Within Black California, there is this history of expansion and experimentation. I think it all has to do with the environment that we exist in, being very close to nature, being in an expansive city like L.A. But mainly thinking about this "great migration" to California and the Black folk who were coming from different parts of the South. [People in] Louisiana, specifically, settled in places like the West Adams District in Los Angeles or various parts of Oakland. The collective psyche that they were holding was that [they] have never been to this place before but were interested in imagining and expanding their minds in search of a new experience. When you go down to L.A., and you think about L.A. Rebellion, which is a group of predominately Black filmmakers in the 1970s who were allowed into UCLA's film school for the first time, they were making work about the places they came from: Watts, Inglewood, Compton, but were doing it in this very lovingly, documentarian-like way. Thinking about some of the artists, like David Hammons and Betye Saar who were making work at the same time but were using found objects from the Watts rebellion and were making these beautiful assemblage sculptures that were dedicated to their communities. So I think that that kind of idea of making something out of nothing has been a centralized Black idea of being in America.
On whether there is a "Black aesthetic"
I do think there is a Black aesthetic, but I think it's regional and cultural. So when I speak of Black California, I think the aesthetic really lies in mental expansion, experimentation, and maybe introducing ideas like Afrofuturism. Also, letting go of the Antebellum South and letting go of how strong the racism felt and working towards a future that doesn't necessarily involve being in a constant state of fear. Or, kind of that dark history and heritage that the South holds.
On the art collective Native Thinghood
I was in the USC film school and when I graduated, I looked around and realized I was around such beautiful and intellectual friends. Native Thinghood was a collective, that included myself, Simone Andrews, Sundiata Toure, Henoch Moore, Savvy Wood, Kasey Cunningham, Bert Cooper, and A-lan Holt. We started having conversations about Afrofuturism and had round tables and invited people to come in and speak. From there we started throwing events. We had a two art shows and a few film screenings that included early work by Terence Nance, Akosua Adoma Owusu and Kahlil Joseph.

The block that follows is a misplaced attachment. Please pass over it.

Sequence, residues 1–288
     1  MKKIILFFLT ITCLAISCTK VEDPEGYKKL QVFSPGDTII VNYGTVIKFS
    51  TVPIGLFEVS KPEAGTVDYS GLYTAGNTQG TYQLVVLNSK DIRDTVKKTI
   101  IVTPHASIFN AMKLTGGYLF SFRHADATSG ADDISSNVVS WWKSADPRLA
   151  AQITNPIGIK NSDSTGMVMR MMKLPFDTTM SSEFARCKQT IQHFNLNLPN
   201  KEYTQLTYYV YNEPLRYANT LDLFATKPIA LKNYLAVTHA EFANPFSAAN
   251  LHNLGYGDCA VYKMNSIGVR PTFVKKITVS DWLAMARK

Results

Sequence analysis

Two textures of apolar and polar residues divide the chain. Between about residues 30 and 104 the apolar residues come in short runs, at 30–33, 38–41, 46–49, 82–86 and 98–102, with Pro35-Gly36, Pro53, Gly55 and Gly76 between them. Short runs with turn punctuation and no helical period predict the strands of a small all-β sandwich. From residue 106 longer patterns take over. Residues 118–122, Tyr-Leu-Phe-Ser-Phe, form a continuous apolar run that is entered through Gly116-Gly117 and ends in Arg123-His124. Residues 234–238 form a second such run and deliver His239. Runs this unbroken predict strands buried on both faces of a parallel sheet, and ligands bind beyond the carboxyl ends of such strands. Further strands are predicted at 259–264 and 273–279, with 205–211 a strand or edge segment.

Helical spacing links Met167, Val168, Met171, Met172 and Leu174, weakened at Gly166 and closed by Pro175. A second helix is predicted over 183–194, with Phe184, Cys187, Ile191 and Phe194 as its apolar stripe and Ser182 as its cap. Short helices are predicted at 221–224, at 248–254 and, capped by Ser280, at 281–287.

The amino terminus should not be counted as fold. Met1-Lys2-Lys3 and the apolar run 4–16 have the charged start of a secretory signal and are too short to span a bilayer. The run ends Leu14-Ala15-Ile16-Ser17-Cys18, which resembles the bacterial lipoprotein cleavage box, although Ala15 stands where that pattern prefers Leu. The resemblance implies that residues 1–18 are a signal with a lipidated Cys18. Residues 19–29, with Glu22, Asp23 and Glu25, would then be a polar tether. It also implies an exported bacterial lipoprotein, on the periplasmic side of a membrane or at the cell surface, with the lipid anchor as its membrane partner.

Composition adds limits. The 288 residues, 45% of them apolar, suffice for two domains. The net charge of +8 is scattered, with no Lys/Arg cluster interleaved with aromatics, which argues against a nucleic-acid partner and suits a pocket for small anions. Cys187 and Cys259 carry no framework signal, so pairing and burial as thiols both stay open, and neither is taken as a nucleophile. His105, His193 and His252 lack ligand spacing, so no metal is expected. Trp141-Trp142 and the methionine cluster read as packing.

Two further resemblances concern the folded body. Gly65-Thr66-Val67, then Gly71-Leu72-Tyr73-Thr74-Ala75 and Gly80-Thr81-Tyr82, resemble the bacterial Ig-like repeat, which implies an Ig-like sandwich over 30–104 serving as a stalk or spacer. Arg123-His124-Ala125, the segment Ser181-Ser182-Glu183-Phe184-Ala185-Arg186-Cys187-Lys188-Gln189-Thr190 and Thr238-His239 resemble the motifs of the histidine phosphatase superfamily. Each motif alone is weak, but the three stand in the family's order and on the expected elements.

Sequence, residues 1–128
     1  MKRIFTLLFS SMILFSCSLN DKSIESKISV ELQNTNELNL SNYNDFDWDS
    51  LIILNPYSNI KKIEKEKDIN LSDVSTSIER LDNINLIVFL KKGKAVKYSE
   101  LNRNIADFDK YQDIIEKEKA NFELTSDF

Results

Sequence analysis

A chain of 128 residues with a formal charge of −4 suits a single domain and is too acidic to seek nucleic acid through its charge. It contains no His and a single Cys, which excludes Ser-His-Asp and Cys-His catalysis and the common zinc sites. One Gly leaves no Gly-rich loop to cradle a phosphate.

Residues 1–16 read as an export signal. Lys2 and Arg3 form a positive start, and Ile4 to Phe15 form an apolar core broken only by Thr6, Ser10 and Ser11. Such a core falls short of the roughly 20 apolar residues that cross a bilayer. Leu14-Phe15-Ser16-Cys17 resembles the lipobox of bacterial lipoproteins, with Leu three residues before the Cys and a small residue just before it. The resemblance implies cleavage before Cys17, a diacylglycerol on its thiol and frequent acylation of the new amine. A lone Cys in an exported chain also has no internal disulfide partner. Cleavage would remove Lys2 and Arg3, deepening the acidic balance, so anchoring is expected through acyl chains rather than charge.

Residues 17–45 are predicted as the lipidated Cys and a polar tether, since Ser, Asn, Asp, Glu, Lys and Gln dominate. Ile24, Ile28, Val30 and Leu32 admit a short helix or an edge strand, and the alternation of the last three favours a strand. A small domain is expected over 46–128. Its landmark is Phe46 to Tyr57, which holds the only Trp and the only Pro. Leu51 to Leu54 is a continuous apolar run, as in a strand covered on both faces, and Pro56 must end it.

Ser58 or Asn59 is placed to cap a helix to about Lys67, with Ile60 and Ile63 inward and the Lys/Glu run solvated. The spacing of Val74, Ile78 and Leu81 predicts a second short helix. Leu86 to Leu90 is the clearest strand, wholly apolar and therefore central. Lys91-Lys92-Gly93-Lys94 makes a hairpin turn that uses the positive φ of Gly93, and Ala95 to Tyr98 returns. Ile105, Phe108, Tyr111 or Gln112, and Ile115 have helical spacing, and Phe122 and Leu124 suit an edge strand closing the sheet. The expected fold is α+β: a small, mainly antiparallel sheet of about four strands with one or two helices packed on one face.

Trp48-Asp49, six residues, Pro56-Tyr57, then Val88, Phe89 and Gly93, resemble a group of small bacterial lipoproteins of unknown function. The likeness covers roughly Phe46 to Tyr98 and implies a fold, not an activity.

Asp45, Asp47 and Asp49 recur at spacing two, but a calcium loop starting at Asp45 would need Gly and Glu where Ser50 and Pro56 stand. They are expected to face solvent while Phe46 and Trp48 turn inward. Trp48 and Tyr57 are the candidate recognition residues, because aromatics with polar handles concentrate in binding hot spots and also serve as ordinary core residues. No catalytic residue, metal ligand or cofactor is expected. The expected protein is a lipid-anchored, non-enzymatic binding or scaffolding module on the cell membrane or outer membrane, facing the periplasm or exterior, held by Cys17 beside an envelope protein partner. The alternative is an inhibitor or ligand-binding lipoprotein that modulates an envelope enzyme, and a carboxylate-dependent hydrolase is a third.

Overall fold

On her multimedia film project, "Black Radical Imagination"
"Black Radical Imagination" started in 2012, while doing film programming here in L.A. with Native Thinghood. I was asking myself: Where do I fit in to the independent cinema realm as a young, Black film programmer, being interested in a very niche community of filmmakers? How would I be able to expand that or who would be interested in that? So, my friend Savannah had just moved to Chicago and she was working for Dorchester Projects which is a project by Theaster Gates, who is an artist in Chicago revamping different parts of the Southside and turning it into creative spaces. He created the Black Cinema House, which is a Cinema House that honors older, independent cinema by Black filmmakers, while also exploring more contemporary narratives. So, Amir George was a film programmer there and he was [a] friend of Savvy and Savvy connected us and we just started talking. At the time, I was reading a lot of Afrofuturism texts and I was like: "why don't we make a film program?" I'm looking at all these visual artists and independent filmmakers who are creating this new, interesting work that is very new media-heavy. So we put this film program together that was a collection of short films that we considered to be Afrofuturist films.